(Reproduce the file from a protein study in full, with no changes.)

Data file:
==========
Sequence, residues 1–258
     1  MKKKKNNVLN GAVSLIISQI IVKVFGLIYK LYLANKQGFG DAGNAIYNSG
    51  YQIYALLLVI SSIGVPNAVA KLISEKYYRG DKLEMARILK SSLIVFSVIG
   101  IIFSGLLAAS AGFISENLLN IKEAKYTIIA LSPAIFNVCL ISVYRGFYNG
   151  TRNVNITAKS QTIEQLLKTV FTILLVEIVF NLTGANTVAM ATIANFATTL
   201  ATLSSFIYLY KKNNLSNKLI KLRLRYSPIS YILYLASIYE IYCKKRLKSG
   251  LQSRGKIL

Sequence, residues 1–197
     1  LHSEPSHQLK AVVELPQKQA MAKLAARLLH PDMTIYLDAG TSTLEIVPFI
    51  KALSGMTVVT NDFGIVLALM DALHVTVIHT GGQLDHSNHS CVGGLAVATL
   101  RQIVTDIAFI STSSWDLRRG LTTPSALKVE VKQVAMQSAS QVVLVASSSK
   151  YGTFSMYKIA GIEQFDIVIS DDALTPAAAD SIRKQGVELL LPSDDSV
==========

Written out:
Sequence, residues 1–258
     1  MKKKKNNVLN GAVSLIISQI IVKVFGLIYK LYLANKQGFG DAGNAIYNSG
    51  YQIYALLLVI SSIGVPNAVA KLISEKYYRG DKLEMARILK SSLIVFSVIG
   101  IIFSGLLAAS AGFISENLLN IKEAKYTIIA LSPAIFNVCL ISVYRGFYNG
   151  TRNVNITAKS QTIEQLLKTV FTILLVEIVF NLTGANTVAM ATIANFATTL
   201  ATLSSFIYLY KKNNLSNKLI KLRLRYSPIS YILYLASIYE IYCKKRLKSG
   251  LQSRGKIL

Sequence, residues 1–197
     1  LHSEPSHQLK AVVELPQKQA MAKLAARLLH PDMTIYLDAG TSTLEIVPFI
    51  KALSGMTVVT NDFGIVLALM DALHVTVIHT GGQLDHSNHS CVGGLAVATL
   101  RQIVTDIAFI STSSWDLRRG LTTPSALKVE VKQVAMQSAS QVVLVASSSK
   151  YGTFSMYKIA GIEQFDIVIS DDALTPAAAD SIRKQGVELL LPSDDSV